For World Aids Day 2011 I'm commemorating the 21st anniversary of one of my favourite albums which has now largely been forgotten here in the UK although its legacy is still alive and well in America.
The Red Hot Organisation formed in New York in 1989 to fight AIDS through popular culture, following the devastating effects the virus had on the city's artistic community.
The big idea was to get the top names in pop music around the world to record songs by Cole Porter for a fundraising album, taking on the name Red Hot + Blue after one of Porter's musicals. Cole Porter was chosen not only for the beauty and popularity of his music but also because his life and the impact of his message still resonated with the society of the late 20th century.
He was a gay man in an age when such things were illegal (spending much of his life in a happy platonic marriage) and he also spent much of his life in pain following a serious horse riding accident. His lyrics didn't shy away from strong social comment (Anything Goes, Love For Sale), the agony and ecstasy of love (Every Time We Say Goodbye, I've Got You Under My Skin) or downright cheekiness (Let's Do It, Who Wants To Be A Millionaire?) His music combined sophistication, wit and debauchery but did it in a way that appealed to the general public.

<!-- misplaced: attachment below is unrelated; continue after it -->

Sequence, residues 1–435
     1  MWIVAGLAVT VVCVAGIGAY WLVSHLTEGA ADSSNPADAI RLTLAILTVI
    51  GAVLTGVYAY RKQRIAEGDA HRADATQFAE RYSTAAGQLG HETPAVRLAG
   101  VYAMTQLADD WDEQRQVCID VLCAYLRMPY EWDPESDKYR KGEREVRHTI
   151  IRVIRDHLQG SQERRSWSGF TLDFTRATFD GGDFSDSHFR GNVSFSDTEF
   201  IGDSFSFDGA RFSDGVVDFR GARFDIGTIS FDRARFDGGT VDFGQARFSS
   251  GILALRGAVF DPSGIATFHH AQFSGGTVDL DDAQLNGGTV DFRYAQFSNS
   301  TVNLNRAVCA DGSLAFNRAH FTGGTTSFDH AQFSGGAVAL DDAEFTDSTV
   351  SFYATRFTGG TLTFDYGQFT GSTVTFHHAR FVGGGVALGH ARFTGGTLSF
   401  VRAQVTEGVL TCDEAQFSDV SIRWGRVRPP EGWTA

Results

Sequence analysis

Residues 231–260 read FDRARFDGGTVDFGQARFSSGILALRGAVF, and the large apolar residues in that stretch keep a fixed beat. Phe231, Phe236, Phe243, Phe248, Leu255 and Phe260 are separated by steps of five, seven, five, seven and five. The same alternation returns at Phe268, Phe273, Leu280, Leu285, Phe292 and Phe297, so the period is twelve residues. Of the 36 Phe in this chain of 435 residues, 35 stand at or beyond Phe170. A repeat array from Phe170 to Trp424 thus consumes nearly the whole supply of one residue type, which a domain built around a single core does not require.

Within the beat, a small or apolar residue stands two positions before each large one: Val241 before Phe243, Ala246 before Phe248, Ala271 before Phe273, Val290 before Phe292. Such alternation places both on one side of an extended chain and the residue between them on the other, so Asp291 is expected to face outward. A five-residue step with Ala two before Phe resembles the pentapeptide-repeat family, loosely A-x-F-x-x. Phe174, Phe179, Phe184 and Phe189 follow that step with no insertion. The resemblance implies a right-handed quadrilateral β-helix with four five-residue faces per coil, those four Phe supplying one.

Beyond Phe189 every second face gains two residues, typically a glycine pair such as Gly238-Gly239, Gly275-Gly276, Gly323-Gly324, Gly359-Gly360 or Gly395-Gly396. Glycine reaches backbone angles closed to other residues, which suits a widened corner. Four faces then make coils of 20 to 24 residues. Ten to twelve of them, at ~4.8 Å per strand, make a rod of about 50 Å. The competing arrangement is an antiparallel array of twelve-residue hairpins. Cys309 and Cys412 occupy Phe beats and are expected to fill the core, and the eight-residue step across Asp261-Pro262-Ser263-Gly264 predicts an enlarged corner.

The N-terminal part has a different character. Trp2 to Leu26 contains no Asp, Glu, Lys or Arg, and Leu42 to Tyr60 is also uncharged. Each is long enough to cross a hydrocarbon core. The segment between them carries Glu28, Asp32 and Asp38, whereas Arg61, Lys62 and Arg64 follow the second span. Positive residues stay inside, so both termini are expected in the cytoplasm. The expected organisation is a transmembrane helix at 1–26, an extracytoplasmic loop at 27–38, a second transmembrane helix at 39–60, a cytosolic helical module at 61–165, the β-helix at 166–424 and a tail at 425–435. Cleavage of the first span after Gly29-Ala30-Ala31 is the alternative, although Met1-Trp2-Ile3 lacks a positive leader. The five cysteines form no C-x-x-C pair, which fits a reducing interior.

Cole Porter and his contemporaries epitomised the spirit of the Roaring Twenties, banishing the Victorian prudishness of their parents' generation and living life to the full after the horrors of World War 1. Likewise the New York art scene of the late 1980s fought to prevent a Victorian-style backlash against the AIDS outbreak which risked the gay community, in particular, losing the steps towards acceptance and equality for which they had fought so hard. The way to stem the tide of AIDS was not to pretend it wasn't happening but to face it head on and talk about some uncomfortable truths.
So in that spirit of defiance, King Cole Inc (later renamed the Red Hot Organisation) was born. 22 world-class acts answered the call to record the album and teamed up with some top film makers to record video clips compiled into a 90 minute TV special aired in America on World Aids Day 1990.
Albums are still being released under the Red Hot banner although their activities are now more confined to the USA. Their 15 albums to date, along with related TV and media work, have raised over $10 million for HIV/AIDS awareness and relief projects around the world. Red Hot + Blue was rereleased as a CD and Region 1 DVD 2-disc set in 2006 (and so unsuitable for most machines outside of North America).
Most of the performances from the TV special are available on YouTube. I've picked out some samples that show the wide range of interpretations these timeless classics inspired and the daring, thought provoking visuals that accompany them.
• For more about the work of the Red Hot Organisation, visit http://www.redhot.org